After three years of poring over how customers used its first mobile app, SeaWorld Parks and Entertainment recently rolled out a new set of apps designed to engage park visitors with a more personalized, interactive experience.
SeaWorld, a $1.5 billion company that runs Busch Gardens and Sesame Place in addition to its famous marine-life theme parks, found that customers liked some features in the app's first iteration, such as using it to find their car after a long day. But overall, visitors wanted a more responsive app than the one SeaWorld began offering in 2011, says CIO Darla Morse.
The new Discovery Guide mobile apps can display up-to-the-minute ride wait and show times. Users can get alerts about exclusive offers and can filter the list of rides by height requirements, so they see only the ones their kids can ride.
Interactive maps use a smartphone's GPS to suggest routes between attractions with estimated walking times. The apps also include scavenger hunts as a way to gamify engagement and education. This past summer, SeaWorld added a mobile wallet for one-touch purchasing: Visitors can enter credit card information into the app, then buy items quickly all day. "This is our park in your pocket," Morse says.
Give the People Apps They Want
SeaWorld spent significant time figuring out what visitors want and tailoring the new apps to their tastes. Along with usage data from the old app, the company surveyed guests and gathered feedback through social media. T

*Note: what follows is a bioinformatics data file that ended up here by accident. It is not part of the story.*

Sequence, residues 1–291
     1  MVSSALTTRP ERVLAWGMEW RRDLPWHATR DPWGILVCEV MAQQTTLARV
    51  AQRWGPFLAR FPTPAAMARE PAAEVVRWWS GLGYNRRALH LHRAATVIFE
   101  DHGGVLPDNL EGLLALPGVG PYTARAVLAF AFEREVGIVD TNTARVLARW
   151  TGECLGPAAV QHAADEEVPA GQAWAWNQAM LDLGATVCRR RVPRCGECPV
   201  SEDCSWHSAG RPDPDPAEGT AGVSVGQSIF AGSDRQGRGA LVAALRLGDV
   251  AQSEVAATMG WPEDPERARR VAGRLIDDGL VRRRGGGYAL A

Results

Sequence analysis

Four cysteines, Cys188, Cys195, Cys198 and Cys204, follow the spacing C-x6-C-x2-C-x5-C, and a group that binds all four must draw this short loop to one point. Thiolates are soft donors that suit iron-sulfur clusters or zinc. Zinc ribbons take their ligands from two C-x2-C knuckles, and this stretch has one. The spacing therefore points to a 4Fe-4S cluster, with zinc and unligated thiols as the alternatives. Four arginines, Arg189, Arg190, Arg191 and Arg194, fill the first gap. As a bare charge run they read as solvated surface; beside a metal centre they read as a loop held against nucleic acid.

hat's an important lesson for all organizations, says Nisha Sharma, a managing director at Accenture. "You need to include users in requirement gathering," Sharma says.
"We learned we needed a platform that integrated with our back-end system [for rides and shows] to make this a more interactive, real-time functional place for our guests," Morse says.
Another lesson learned: The app needed a strong foundation. Morse's team mapped out the design to understand which systems would be affected and what changes would be necessary for the new features. "A lot of companies get scope creep because they're pouring cement before the design is finished," Morse says, noting that her team used a waterfall development methodology to build the foundation but will use agile development to quickly add new capabilities.
SeaWorld worked with vendor TE2 to manage and secure real-time connections between core systems such as ticketing, e-commerce, park scheduling, content management, and its Discovery Guide apps.
Building that strong foundation led to another crucial lesson: The need for IT to work with other teams within the organization. The team met daily and updated key stakeholders monthly, Morse says. "This cannot happen without every single group we have: marketing, operations, merchandizing, culinary, IT. We work very closely with all these to ensure that what we do drives value."
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